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How do you approach playing the guitar?

Discussion in 'Sidewinders Bar & Grille' started by DeadCircuits, Jan 10, 2017.

  1. DeadCircuits

    DeadCircuits Strat-Talker

    275
    Aug 25, 2016
    GB
    I'm a fan of Alan Moore (the comic author behind Watchmen and V for Vendetta). He views creativity as magic, he describes the process as similar to pulling a rabbit out of a hat. You start with an idea, which you turn into something tangible. Be it a record or just the temporary flow of soundwaves in the air during a performance. I have found it quite revolutionary to view playing the guitar in these terms.

    When I play the guitar I like to think of it as translating what I am thinking and feeling into sound via the guitar so that other people can connect with it on a deeper level than if I'd just said "I'm frustrated" or "I'm upset" or whatever. Often I will close my eyes and play to the images that come into my mind. I will try to create a soundscape that reflects this image.

    Its hard to explain but I think when you view the guitar as this kind of bridge between the personal subjective world and the shared physical world and you place as much value on what occurs within as without you often find that there is a spring of creativity that you almost channel rather than consciously produce. I'm not saying that the guitar is some kind of supernatural tool, but if you give some weight to it as a means to express whats going on inside you get some beautiful stuff.

    I have never been one for technical playing. Obviously you need some level of skill in order to tap into your creativity, but showy guitar playing doesn't convey much to me, no where near as much as Gilmour can convey with a single note. If you give the art of playing guitar a quasi spiritual reverence it is far more of an experience than just going through the motions.

    Well thats my ramble out of the way. What is your philosophy and approach to guitar playing.
     
  2. Mouse

    Mouse The Knees of Rock Strat-Talk Supporter

    Age:
    49
    Apr 25, 2012
    New Jersey
    I typically approach the guitar from the side. If I go at him head on he'll see me and try to run! ;)

    I don't know...I guess I'm not that deep about it. I play what makes me smile that day. Sometimes it's a cover, sometimes it's an improv, sometimes it's my own riffing. I don't view the guitar as some sort of spiritual bridge to anything. It's a piece of wood with strings that distracts me from the pressure cooker of everyday life.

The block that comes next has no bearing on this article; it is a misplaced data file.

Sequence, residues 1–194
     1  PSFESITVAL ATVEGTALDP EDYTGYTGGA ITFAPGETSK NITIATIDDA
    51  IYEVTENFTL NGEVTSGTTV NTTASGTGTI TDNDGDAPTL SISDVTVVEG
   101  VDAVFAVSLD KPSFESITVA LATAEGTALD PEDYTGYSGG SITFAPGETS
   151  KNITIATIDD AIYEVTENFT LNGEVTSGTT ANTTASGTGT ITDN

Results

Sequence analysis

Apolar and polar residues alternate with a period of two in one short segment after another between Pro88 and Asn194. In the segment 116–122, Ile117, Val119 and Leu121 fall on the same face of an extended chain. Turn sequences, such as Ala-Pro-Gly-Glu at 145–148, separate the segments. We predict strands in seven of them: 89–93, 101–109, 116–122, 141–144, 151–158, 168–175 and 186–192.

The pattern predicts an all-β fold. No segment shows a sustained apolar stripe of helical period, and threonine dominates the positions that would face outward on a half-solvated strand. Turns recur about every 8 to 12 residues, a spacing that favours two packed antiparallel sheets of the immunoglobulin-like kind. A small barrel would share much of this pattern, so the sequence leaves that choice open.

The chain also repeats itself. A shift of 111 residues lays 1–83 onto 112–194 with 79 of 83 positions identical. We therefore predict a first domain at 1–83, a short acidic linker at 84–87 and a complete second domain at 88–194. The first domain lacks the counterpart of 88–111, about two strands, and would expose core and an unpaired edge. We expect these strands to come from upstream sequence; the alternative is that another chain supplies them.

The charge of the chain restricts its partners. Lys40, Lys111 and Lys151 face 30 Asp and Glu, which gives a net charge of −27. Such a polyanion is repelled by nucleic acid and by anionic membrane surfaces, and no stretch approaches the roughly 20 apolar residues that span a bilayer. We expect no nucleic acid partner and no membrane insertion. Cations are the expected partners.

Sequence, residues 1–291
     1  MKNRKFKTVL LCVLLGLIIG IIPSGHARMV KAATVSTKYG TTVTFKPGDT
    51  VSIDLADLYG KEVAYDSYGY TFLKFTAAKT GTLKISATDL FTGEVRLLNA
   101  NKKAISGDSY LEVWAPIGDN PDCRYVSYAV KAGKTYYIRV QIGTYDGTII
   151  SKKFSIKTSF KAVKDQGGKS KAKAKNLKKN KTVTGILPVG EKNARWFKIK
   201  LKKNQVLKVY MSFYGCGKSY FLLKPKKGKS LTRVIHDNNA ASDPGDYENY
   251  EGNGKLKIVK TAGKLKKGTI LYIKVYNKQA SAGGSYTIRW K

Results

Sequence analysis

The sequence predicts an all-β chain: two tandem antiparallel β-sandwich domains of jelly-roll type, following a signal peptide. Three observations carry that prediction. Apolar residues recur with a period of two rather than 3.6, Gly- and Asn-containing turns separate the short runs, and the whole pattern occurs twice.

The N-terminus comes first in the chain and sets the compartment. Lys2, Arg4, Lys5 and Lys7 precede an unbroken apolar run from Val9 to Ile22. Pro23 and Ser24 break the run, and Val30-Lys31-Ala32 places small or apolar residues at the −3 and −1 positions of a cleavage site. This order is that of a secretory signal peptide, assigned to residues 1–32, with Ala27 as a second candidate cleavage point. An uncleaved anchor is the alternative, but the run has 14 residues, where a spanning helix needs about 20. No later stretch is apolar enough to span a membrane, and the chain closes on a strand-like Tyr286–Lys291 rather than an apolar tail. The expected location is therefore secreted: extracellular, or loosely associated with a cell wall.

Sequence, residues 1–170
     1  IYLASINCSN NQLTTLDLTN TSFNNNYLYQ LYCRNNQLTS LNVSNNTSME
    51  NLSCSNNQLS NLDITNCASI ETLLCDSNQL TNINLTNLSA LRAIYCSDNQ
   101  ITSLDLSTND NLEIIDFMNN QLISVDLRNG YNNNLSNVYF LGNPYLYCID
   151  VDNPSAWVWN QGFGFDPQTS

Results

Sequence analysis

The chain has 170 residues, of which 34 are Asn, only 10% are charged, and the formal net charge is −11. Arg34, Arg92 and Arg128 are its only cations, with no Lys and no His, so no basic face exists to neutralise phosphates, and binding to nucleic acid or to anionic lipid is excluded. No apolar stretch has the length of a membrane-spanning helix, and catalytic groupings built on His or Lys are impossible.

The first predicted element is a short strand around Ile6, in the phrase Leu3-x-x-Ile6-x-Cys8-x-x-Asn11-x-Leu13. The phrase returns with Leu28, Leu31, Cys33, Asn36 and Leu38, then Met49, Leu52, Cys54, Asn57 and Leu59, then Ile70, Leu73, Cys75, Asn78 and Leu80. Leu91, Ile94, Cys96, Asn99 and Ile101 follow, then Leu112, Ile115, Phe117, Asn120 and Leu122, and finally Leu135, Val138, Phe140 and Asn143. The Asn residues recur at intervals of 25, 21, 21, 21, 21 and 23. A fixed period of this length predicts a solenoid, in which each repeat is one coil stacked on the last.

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  3. DeadCircuits

    DeadCircuits Strat-Talker

    275
    Aug 25, 2016
    GB
    Yeah I think I perhaps mispoke when I said I view the guitar as something spiritual. A more accurate thing to say would be that a certain creative mindset can be akin to something spiritual. The guitar is not a requisite for that.

    Of course I have my just playing for the sake of it days too. Or just playing cause I feel like I ought to practise. The times that my playing really shines though is when I go to that proverbial place.
     
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  5. heltershelton

    heltershelton ROCKIN FOREVER Strat-Talk Supporter

    Jun 5, 2013
    Not Florida
    i try my best not to think at all and just do, if that makes any sense.
     
  6. Mouse

    Mouse The Knees of Rock Strat-Talk Supporter

    Age:
    49
    Apr 25, 2012
    New Jersey
    Please don't correct yourself on my account. If that's what it means to you then by all means preach it. I keyed on that because I've read that quite a bit from folks around here and I just never had that sort of connection with the guitar despite my pleas for divine intervention.

    I guess we all get into the "zone" from time to time but I've never viewed that as anything other than my synapses all firing in synch for a change. :D
     
  7. davidKOS

    davidKOS Obsessed Musician Strat-Talk Supporter

    May 28, 2012
    California
    I agree about the spiritual aspects, the magic, all of that about making music. Particularly in the light of so much of the image of rock as "the devil's music", the rock guitarist as wasted and sex-crazed, etc., things which do not always fit with a spiritual model.

    However I am convinced a spiritual outlook alone does not make great art, you need technique to achieve one's vision.